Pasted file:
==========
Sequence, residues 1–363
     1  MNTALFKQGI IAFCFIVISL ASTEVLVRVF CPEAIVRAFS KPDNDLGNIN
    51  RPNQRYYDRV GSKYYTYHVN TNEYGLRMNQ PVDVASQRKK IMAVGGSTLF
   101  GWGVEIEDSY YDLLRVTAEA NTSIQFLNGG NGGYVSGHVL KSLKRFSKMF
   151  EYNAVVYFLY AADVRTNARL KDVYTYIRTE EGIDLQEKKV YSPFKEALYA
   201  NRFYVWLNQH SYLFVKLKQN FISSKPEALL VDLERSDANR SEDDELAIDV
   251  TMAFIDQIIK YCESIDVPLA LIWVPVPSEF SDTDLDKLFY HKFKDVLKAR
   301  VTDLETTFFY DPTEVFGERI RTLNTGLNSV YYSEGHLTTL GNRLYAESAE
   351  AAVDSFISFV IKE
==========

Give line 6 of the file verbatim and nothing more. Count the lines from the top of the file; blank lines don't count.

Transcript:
   201  NRFYVWLNQH SYLFVKLKQN FISSKPEALL VDLERSDANR SEDDELAIDV